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15 hp RPC struggles to start 7.5 hp 3 phase air compressor - add cap?

I have had my RPC up and running for ten years or so without a hitch. Confident, I decided to rebuild a 3 phase air compressor despite persistent rumors they can be hard to start with an RPC. I spun it up today for the first time. It started fine with the tank empty. (There is no pressure gauge installed on the tank at present.) However, with the tank partly full the motor pulley spun quite slowly as if overloaded, and never came up to speed before the output breaker on my RPC blew. I tried again with 2 other 3 phase machines running and the motor started fine.

Let me digress into unloading systems for a moment, please bear with me. The air pump is from the Champion R series. Those have robust unloaders. The discharge tubes vent to outside air as long as the motor isn't running. As soon as it starts running, a centrifugal gizmo closes a valve and this allows air to begin building. It is difficult for me to imagine how if the centrifugal unloader seems to be working that it could somehow not really be working. It's pretty robust.

My current use model for this machine is for occasional use, so it's not enormously burdensome to have to turn on a couple of extra machines. But it's wasteful of power, and noisy. I'm wondering if I could simply add some run capacitors to boost the RPC's heavy starting capability. Does that seem possible to you?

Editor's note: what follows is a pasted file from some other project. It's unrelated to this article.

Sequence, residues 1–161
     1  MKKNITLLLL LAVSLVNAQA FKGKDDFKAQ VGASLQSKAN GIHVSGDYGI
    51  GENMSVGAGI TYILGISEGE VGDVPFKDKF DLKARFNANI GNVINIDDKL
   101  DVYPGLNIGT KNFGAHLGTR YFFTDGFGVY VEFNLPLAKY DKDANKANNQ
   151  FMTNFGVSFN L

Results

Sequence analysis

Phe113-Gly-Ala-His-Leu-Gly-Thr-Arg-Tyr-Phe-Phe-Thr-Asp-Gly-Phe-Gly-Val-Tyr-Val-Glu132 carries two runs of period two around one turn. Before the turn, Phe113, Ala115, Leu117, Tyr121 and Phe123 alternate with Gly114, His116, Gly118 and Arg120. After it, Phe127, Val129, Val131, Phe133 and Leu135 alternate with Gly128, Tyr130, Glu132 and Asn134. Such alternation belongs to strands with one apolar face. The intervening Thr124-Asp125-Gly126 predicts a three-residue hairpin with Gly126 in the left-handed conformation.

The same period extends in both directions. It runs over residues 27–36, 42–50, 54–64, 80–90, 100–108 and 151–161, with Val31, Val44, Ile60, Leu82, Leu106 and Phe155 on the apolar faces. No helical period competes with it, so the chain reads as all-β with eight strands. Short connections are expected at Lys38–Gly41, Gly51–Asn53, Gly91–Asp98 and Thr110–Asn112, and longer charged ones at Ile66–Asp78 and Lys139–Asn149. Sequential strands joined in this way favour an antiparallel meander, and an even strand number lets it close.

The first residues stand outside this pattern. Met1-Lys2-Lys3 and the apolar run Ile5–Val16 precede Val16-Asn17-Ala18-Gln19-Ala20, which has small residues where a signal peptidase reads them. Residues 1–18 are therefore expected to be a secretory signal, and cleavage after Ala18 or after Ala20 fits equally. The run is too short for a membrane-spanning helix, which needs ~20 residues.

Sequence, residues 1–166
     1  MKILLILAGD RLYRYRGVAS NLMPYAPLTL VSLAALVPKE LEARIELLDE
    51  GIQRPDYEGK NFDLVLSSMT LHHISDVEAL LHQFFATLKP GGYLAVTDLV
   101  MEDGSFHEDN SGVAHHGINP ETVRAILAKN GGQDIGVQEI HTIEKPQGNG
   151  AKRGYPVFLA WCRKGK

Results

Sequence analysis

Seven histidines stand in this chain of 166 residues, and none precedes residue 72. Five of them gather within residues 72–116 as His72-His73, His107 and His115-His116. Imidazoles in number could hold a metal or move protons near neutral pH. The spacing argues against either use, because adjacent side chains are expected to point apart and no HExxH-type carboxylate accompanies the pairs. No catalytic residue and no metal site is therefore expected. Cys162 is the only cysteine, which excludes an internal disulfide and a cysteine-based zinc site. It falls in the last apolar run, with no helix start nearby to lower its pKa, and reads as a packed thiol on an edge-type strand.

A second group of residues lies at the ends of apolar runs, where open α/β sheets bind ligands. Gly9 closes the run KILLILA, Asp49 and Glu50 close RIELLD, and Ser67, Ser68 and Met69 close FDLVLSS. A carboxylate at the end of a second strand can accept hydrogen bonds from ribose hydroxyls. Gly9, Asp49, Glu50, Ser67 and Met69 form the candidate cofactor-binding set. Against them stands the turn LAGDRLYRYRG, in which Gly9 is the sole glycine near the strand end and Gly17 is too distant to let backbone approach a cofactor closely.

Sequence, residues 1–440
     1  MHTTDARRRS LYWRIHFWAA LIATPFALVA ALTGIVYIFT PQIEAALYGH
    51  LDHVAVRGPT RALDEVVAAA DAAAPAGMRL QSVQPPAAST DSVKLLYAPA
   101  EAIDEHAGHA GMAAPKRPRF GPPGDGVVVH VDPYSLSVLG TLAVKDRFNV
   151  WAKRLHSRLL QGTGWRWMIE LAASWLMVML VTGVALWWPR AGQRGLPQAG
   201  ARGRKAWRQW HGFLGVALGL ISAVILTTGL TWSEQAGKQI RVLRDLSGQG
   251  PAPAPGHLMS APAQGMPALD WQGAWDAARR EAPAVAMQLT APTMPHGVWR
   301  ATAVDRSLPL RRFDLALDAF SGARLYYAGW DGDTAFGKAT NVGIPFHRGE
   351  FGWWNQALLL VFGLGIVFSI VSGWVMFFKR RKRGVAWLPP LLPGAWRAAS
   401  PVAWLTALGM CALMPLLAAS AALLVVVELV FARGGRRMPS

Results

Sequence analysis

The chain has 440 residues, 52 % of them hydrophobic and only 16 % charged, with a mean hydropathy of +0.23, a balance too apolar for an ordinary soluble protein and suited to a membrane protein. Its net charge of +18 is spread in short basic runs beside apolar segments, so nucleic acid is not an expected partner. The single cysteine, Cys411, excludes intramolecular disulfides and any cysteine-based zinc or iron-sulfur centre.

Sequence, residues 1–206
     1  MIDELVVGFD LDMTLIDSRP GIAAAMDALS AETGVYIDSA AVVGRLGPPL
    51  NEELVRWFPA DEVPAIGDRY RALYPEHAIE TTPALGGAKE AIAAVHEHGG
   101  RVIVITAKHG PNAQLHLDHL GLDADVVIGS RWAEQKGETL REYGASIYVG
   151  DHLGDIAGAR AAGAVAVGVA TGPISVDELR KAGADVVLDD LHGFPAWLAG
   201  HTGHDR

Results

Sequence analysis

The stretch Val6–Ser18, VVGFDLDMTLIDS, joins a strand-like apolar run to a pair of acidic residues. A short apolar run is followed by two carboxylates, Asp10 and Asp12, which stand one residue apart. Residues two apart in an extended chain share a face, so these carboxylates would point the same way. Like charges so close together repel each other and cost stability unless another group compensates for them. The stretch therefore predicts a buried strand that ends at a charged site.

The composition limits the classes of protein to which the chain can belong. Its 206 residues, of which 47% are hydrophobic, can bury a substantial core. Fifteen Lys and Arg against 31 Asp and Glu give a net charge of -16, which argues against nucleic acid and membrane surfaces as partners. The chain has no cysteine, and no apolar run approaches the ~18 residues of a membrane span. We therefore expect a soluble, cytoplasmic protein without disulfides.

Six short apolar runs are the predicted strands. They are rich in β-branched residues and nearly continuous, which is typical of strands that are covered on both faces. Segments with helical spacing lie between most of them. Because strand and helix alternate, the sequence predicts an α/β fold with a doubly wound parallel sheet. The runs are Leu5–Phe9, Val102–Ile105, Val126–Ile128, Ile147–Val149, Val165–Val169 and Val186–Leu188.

metalmagpie
have you tested the capacitors? about 10 yr is a typical life span for some, then when they die it causes a host of problems with motors drawing more current and popping a motor or a breaker if it dies short or OC
 
have you tested the capacitors? about 10 yr is a typical life span for some, then when they die it causes a host of problems with motors drawing more current and popping a motor or a breaker if it dies short or OC
Once the RPC is started, the capacitors are a bit irrelevant. The "start" capacitors are obviously out of the circuit.

Yes there are "balance" capacitors, but the "balance" they produced is thrown off as soon as you connect a large motor to the RPC. (Just due to the way the capacitors work).

Unless you have the basic capacity to produce larger currents without excess voltage drop, no practical amount of capacitors is going to do much good. That capacity comes from the "size" of the idler motor.

(Obviously, a normal 3 phase motor, supplied with 3 phase power, does not have any start capacitors, so there are none on the load motor)
 
With enough start capacitors you may be able to start the 3 phase air compressor without an RPC.

That's why i suggested a current operated contactor switching additional caps into the circuit
 
Once the RPC is started, the capacitors are a bit irrelevant. The "start" capacitors are obviously out of the circuit.

Yes there are "balance" capacitors, but the "balance" they produced is thrown off as soon as you connect a large motor to the RPC. (Just due to the way the capacitors work).

Unless you have the basic capacity to produce larger currents without excess voltage drop, no practical amount of capacitors is going to do much good. That capacity comes from the "size" of the idler motor.

(Obviously, a normal 3 phase motor, supplied with 3 phase power, does not have any start capacitors, so there are none on the load motor)
I've just had experience with a dead cap 1/5 run caps were dead and almost shorted causing the voltage on that leg to basically pull the voltage down and run worse when loaded, was fine when unloaded.
only way I caught it was when it ran for a minute or so, it was getting slightly warm (82C) compared to the others that were all still room temp.
 
Yes, parts if defective are a problem.

The "caps are irrelevant" was in regards to changing a value to improve performance. It won't work unless the basic current capacity is OK.

Once that is known OK, then a capacitor change, or, better, a boost transformer, can correct the balance to what is needed.
 








 
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